Artistic Labor Markets: Contingent Work, Excess Supply and Occupational Risk Management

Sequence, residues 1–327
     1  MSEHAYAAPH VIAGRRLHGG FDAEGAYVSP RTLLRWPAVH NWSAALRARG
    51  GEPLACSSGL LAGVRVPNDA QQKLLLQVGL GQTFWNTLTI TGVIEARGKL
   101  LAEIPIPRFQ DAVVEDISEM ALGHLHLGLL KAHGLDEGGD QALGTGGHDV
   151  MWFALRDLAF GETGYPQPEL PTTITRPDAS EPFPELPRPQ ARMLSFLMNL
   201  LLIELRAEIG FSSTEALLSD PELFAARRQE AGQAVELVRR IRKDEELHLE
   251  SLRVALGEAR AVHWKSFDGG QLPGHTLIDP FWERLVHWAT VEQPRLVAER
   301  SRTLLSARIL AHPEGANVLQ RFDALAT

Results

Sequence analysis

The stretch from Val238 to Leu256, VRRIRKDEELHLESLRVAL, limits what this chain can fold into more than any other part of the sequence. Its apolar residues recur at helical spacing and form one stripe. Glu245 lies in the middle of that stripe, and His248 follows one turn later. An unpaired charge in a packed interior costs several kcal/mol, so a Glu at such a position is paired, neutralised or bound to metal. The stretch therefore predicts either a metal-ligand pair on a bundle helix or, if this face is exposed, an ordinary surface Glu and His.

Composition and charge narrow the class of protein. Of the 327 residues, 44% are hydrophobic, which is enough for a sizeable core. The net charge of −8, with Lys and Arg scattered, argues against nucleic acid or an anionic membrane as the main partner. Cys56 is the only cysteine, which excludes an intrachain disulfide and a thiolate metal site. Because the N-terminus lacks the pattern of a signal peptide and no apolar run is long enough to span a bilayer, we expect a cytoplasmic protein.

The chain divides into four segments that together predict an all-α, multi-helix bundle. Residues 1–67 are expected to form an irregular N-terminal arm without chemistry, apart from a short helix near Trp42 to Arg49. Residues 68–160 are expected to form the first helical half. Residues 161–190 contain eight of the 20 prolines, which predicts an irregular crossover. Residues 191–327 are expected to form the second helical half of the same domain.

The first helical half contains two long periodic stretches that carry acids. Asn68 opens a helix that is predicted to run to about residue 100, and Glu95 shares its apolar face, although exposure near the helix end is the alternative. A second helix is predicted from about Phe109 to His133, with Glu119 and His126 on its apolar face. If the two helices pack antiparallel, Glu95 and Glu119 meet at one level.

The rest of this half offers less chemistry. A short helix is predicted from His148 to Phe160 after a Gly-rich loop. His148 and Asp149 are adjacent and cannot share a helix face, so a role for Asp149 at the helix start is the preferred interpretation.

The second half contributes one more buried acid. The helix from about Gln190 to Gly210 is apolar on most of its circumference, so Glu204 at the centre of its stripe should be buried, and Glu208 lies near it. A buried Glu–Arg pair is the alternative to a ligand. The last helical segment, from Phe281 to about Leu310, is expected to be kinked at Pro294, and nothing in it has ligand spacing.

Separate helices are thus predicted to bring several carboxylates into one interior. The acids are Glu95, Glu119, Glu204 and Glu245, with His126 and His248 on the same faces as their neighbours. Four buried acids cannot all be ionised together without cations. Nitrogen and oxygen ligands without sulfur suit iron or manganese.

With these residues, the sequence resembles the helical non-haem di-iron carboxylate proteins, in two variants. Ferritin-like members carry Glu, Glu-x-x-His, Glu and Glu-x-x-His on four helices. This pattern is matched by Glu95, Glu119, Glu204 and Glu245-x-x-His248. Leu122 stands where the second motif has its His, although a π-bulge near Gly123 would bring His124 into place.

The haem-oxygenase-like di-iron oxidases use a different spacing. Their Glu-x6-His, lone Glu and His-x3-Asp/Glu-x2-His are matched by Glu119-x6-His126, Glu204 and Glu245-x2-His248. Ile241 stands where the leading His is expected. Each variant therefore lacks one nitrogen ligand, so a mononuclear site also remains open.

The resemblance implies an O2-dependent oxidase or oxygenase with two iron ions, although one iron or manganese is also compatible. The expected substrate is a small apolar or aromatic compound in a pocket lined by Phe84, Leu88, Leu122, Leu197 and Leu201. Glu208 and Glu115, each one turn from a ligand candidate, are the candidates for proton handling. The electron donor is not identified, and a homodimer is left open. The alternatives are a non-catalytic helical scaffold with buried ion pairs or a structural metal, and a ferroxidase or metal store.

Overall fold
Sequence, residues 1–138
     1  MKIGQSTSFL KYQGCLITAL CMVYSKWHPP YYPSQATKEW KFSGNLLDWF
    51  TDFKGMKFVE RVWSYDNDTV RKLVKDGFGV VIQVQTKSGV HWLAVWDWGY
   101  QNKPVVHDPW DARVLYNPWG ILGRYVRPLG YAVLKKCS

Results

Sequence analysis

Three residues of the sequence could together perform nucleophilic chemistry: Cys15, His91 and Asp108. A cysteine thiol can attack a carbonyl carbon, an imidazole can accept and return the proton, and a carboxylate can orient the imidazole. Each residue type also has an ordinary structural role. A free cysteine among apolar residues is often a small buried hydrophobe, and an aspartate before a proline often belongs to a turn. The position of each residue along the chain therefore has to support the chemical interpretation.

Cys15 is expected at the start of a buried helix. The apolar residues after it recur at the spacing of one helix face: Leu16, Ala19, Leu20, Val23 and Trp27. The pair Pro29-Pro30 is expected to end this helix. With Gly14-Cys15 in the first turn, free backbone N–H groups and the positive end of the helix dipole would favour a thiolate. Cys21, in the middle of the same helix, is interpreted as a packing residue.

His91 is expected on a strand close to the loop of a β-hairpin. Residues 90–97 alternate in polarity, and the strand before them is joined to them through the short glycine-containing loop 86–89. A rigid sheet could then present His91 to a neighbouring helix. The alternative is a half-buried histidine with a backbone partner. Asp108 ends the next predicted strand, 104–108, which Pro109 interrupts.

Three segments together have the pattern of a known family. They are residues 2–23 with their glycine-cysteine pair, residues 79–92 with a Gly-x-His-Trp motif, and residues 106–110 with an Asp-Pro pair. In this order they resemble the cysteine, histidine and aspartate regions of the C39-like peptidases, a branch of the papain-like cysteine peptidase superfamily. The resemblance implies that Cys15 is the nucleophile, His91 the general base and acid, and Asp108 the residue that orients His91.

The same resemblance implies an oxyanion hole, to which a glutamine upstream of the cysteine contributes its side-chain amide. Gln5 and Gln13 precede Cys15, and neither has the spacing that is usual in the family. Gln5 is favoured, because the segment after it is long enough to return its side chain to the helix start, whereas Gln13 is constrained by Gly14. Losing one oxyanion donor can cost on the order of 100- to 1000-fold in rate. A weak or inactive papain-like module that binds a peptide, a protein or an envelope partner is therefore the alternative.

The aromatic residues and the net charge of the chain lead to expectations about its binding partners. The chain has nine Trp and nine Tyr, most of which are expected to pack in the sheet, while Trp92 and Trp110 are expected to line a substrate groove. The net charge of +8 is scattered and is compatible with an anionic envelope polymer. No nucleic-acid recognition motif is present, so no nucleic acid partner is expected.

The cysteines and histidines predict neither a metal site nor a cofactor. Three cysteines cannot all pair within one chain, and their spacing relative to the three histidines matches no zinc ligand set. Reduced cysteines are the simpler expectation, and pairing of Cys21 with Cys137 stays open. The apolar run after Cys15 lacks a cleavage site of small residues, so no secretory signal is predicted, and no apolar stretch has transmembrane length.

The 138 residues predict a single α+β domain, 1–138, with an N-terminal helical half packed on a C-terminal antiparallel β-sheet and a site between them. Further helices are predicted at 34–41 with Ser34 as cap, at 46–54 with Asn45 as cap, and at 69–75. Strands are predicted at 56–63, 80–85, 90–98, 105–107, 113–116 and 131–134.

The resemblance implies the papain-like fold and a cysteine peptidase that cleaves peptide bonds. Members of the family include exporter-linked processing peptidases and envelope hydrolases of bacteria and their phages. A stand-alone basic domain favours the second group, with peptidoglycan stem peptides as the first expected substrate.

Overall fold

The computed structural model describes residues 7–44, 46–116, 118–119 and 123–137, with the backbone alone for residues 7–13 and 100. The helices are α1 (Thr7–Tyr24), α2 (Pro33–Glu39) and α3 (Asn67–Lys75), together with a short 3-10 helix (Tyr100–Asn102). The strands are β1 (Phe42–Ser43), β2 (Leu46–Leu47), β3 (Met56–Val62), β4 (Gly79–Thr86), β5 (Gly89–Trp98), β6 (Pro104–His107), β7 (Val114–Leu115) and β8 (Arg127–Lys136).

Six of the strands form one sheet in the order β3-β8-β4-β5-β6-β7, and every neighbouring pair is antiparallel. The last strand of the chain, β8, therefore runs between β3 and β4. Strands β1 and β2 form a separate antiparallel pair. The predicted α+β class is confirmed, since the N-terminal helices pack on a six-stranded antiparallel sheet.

This chapter studies how and why artistic labor markets have expanded along a path of unbalanced growth. Long-term employment which nurtures the Baumolian cost disease persists only in large, heavily subsidized and sponsored organizations. The now dominant project-based system of production, with its functional needs for flexibility, relies on short-term assignments. Large parts of the business risk are transferred down onto the workforce in vertically disintegrated organizational settings. Artists and technical workers act mainly as contingent workers, freelancers and independent contractors; labor supply is patterned by repeated and discontinuous alternations between work and unemployment, and workers cycle between multiple jobs inside and outside the arts. Thus artistic labor markets display the main characteristics of a textbook model of imperfect monopolistic competition: excess supply of labor, unbounded differentiation of production, reputational rents, a population of small firms that has been growing as fast as the number of artists. On the supply side, the attractiveness of artistic occupations has to be balanced against the risk of failure that turns ideally non-routine jobs into ordinary or ephemeral undertakings. Learning by doing plays such a decisive role that in many artforms initial training is an imperfect filtering device. Individuals learn to manage the risks of their trade through multiple jobholding, occupational role versatility, portfolio diversification of employment ties, and income transfers from public support, social insurance and social security programs. Ironically, the study of the artists' risk management shows how rationally they behave, although artistic work may be highly idiosyncratic. Thus artists may be seen less like rational fools than like Bayesian actors. How do vertically disintegrated systems of production shape individual careers and organizational behavior? Loose employment relationships do not preclude contractual stability. Employers use reputations as screening devices and signals of employability. Artists learn how to compose balanced sets of recurrent and non-recurrent hiring ties in order to secure a living as well as to increase their human capital. Considerable inequalities in amounts of work and earnings are observed, caused by the skewed distribution of talent and by joint consumption technologies that turn small differences in talent into huge earnings differentials. Inequalities may also trace back to the way a disintegrated labor market operates, since both the allocation of piecemeal work based on reputational rankings and team formation based on selective matchings magnify the power of differences in talent and work opportunity to increase inequality. These factors should not cause the kind of permanent excess supply of labor in the arts that has been noted for decades if the occupational commitment of artists were not combined with the management of business uncertainty through overproduction of infinitely differentiated goods and services.
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